(Updates with claim in complaint in second paragraph.)
Nov. 18 (Bloomberg) -- Transatlantic Holdings Inc., the target of a hostile takeover bid by Validus Holdings Ltd., sued Validus claiming an effort to replace its board members violates the law.
Validus said Nov. 3 that it would try to replace the board with three independent directors after Transatlantic didn’t accept its increased cash-and-stock bid of as much as $3.46 billion. Such a move violates Delaware law and the company’s charter, lawyers for Transatlantic said today in a complaint in Delaware Chancery Court.
Validus’s actions, if not stopped by a judge, “will cause severe disruptions to Transatlantic’s business by creating great uncertainty over the size and composition of Transatlantic’s board,” the company said in the complaint.
Validus wants Transatlantic shareholders to vote on several proposals including amending the bylaws to allow stockholders to set the size of the board, removing each of Transatlantic’s seven incumbent directors and electing the three nominees put forth by Validus.
“We believe that this lawsuit is yet another attempt by Transatlantic to frustrate the ability of its stockholders to accept Validus’s compelling offer,” Stan Neve, a spokesman for Validus, said today in a phone interview.
The proposal followed a lawsuit filed by Validus in August in the same Delaware court seeking to force merger talks with Transatlantic.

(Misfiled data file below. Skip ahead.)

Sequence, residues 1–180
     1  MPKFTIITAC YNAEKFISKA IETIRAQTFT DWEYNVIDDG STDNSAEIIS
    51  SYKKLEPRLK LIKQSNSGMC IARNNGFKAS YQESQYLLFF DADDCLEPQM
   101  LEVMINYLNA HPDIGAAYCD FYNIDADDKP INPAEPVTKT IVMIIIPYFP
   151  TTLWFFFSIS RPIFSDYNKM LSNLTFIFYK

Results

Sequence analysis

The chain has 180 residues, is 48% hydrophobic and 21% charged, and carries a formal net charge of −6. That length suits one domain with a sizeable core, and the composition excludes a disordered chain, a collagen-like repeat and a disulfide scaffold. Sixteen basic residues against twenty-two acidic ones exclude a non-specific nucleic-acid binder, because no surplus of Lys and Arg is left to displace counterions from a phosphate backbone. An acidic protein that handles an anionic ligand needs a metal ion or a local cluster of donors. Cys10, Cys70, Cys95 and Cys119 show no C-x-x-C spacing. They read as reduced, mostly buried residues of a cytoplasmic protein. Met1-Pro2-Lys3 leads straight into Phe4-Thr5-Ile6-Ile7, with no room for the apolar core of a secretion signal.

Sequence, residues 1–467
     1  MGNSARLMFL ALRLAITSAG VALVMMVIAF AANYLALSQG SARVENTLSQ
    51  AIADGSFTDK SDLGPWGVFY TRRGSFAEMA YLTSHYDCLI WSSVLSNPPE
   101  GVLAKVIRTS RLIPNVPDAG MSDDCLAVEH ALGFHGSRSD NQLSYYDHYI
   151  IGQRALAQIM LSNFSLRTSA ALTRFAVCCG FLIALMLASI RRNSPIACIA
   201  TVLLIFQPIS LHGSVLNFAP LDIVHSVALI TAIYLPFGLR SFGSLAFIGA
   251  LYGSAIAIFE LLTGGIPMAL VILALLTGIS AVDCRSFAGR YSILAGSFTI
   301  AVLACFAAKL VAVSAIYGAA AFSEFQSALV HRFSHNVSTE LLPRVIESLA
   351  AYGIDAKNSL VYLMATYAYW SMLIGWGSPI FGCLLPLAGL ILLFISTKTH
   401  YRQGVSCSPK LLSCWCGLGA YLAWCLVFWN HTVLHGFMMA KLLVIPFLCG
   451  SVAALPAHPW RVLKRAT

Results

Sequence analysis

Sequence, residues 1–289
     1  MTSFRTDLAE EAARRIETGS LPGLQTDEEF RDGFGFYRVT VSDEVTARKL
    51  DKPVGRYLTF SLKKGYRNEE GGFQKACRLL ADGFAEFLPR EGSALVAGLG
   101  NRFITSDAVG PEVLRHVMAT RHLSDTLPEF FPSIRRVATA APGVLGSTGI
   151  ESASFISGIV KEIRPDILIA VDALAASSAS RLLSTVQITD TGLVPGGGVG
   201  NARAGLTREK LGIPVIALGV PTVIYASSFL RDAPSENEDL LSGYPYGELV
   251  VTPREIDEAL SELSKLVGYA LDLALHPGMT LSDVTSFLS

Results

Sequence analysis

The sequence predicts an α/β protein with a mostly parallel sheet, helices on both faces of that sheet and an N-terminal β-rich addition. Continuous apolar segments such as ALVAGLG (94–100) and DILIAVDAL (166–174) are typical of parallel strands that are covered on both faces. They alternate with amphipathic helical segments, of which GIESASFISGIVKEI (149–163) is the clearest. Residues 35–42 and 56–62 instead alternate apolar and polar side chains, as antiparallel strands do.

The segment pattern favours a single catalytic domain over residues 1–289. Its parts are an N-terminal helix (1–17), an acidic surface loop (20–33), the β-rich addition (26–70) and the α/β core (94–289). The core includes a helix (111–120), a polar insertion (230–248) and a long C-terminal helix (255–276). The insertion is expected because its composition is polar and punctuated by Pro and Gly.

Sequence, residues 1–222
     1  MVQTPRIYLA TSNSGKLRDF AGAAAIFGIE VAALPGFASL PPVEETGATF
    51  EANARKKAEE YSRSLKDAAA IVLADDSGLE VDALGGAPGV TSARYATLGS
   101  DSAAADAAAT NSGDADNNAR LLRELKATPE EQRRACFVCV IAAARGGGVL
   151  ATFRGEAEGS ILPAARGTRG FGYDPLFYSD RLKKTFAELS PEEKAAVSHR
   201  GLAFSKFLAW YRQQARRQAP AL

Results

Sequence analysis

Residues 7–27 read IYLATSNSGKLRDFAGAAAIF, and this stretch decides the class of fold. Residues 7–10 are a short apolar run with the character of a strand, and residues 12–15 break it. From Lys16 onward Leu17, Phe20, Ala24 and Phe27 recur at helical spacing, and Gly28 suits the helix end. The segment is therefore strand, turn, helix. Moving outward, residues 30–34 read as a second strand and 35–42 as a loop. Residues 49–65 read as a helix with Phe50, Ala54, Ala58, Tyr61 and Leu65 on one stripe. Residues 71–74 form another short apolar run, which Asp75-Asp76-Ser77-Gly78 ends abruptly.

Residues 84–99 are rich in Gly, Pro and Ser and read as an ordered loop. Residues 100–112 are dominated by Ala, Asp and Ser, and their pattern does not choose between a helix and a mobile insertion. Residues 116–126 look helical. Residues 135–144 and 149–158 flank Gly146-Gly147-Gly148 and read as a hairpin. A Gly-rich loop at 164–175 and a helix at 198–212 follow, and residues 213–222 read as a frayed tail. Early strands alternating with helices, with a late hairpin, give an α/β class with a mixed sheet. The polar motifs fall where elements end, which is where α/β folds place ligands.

Transatlantic’s charter provides that only the company’s board of directors, not the shareholders, may set the number of directors to serve on the board, the company said in the complaint. Delaware law also prohibits bylaws that are “inconsistent with law or with the certificate of incorporation,” according to the complaint.
Transatlantic shareholders are now considering Validus’s proposals and are “at risk for greater confusion” if they vote on proposals that if approved would result in the election of directors incapable of taking action, according to the complaint.
Transatlantic is seeking a court order declaring the proposals invalid and void under Delaware law.
The acquisition would allow Validus to become the world’s sixth-largest reinsurer, the company said in July. New York- based Transatlantic has spurned an offer from Warren Buffett’s Berkshire Hathaway Inc. and terminated an earlier deal to merge with Allied World Assurance Company Holdings AG.
With operations on six continents, Transatlantic sells reinsurance, or coverage for primary carriers to protect against the costliest property and casualty claims. The reinsurer was previously majority owned by bailed-out insurer American International Group Inc., which sold its stake in public offerings in 2009 and 2010.
The case is Transatlantic Holdings Inc. v. Validus Holdings Ltd., CA7054, Delaware Chancery Court (Wilmington).
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